White collar crime is something that happens at both the corporate level and the individual level, and the Department of Justice addresses both. However, many of the new rules that they have introduced apply to corporations, and they may impact the way that the DOJ prosecutes alleged criminal activities.
There are three main changes coming, and it’s important to know exactly how they will impact these companies and the individuals who may be accused of a white collar crime while working there.
Turning over information
First of all, companies used to be able to limit the information that they turned over to the Department of Justice to just those directly involved in a case. This still counted as cooperation. Now, they will be required to turn over information relating to anyone who is involved. This expands the amount of information that will be required and includes those who were not “substantially involved.” Companies have to do this to get credit for cooperation.
Considering all past criminal accusations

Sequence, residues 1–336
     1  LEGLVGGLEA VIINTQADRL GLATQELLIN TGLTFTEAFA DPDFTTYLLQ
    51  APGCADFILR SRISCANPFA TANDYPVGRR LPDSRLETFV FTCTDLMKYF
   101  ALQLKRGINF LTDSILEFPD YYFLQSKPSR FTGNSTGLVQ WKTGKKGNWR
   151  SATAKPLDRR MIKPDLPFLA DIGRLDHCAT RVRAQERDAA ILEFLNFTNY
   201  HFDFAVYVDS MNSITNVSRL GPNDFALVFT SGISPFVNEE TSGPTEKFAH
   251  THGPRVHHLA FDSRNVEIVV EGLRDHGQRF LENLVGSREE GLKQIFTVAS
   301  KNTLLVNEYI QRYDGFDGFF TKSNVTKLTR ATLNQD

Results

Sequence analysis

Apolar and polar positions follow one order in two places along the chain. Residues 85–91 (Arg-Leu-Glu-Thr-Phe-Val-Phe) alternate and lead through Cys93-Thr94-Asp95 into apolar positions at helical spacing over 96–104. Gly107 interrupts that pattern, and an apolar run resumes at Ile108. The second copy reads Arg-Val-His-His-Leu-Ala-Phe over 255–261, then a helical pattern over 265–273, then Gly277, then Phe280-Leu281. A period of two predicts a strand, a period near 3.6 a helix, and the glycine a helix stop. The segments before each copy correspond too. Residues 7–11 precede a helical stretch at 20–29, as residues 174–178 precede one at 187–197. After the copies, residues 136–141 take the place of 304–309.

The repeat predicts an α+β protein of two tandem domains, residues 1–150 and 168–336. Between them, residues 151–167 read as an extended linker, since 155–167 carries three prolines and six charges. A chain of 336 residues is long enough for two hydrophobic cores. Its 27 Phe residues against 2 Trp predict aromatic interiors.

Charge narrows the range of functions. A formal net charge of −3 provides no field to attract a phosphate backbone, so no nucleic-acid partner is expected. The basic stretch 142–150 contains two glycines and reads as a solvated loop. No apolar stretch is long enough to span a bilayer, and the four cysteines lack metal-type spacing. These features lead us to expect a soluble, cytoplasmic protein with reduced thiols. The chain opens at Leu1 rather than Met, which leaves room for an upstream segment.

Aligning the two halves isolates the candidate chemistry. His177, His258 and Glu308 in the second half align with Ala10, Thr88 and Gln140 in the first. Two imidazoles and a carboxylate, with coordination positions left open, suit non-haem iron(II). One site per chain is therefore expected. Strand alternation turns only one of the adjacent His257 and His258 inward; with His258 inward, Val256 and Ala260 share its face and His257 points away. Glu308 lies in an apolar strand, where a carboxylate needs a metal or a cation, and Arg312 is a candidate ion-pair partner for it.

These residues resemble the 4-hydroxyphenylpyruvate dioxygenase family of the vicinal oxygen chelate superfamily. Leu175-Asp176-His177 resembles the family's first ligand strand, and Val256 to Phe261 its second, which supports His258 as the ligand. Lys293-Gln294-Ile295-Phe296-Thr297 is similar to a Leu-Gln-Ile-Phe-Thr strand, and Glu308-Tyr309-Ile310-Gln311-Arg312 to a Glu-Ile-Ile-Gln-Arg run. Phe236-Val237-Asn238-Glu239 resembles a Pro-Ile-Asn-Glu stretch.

Secondly, all past actions by the company will be considered, whether they are potential criminal activities, a lack of regulatory compliance or anything else. In the past, the government would only consider similar crimes to the one currently under investigation, but they now can consider even issues that are unrelated in nature.
Requiring independent monitorships
Monitorships are also going to be allowed for companies that are involved in these cases. Prosecutors will be allowed to ask for them whenever it is deemed reasonable. These can ensure that the company is turning over the information properly and complying with regulations moving forward. It is intended to increase cooperation at all levels.
If your business is involved in a white collar criminal investigation, it is important to know exactly what these new rules are and all of the legal steps that you can take at this time.